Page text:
Protecting the U.S. from terrorist attacks and protecting American jobs are the two top foreign policy priorities for Americans in 2014.
Americans have strongly favorable views of some allies and negative opinions about a range of others. Some of this is driven by U.S. partisan politics. And history suggests all such opinions are subject to change.
Here are some data points that measure how the public in the U.S. and around the world see the challenges ahead for 2014.
More Americans disapprove than approve of last month’s nuclear agreement with Iran, and and there continues to be widespread skepticism about whether Iranian leaders are serious about addressing international concerns over the country’s nuclear program.
Partisanship is a major factor in a new Pew Research Center survey showing that a growing number of Americans believe the U.S. is less respected in the world and plays a less important role globally than 10 years ago.
Highlights from the report, "Public Sees U.S. Power Declining as Support for Global Engagement Slips." For the first time in nearly a half century of polling, a majority agrees that the United States should mind its own business internationally.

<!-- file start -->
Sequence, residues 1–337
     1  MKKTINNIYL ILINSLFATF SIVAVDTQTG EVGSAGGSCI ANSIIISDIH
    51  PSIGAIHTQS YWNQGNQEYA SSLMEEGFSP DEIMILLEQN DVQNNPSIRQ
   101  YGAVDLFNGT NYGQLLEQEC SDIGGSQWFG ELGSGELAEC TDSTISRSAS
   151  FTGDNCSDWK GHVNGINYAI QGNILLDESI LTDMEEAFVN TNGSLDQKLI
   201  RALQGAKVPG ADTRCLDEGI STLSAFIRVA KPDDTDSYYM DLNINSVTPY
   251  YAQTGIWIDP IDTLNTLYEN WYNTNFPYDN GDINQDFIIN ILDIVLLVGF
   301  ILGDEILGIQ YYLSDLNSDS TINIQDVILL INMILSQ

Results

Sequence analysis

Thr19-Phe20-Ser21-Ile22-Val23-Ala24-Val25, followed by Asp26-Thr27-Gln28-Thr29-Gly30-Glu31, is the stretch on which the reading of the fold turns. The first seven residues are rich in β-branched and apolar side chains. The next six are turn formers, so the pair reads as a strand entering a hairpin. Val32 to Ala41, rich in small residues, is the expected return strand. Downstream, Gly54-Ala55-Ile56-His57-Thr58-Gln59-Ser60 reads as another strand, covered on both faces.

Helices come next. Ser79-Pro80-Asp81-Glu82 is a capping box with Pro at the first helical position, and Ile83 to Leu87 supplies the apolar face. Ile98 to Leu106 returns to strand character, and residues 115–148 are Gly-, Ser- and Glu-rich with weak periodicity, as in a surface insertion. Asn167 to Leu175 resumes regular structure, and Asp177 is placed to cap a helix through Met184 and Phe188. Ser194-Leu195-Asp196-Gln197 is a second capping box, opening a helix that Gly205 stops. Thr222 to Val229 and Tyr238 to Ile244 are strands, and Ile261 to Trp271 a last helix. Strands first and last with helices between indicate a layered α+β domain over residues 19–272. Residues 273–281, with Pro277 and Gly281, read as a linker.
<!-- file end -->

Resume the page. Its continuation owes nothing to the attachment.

Growing numbers of Americans believe that U.S. global power and prestige are in decline. And support for U.S. global engagement has fallen. Yet, despite these reservations, most Americans say greater U.S. involvement in the global economy is a good thing.
While the American public increasingly has been looking inward after years of economic stress at home and a decade of wars abroad, they have a keen awareness of the challenges posed to the U.S. by China in the superpower competition between the two countries.
The Obama administration reportedly is planning to curb U.S. military aid to Egypt, a move that many Americans would support, according to a Pew Research poll conducted in August.
President Obama’s decision to cancel his trip to the Pacific Rim economic summit because of the political battle at home over the budget and debt ceiling comes at a time when publics in the region have mixed views about the U.S. and China.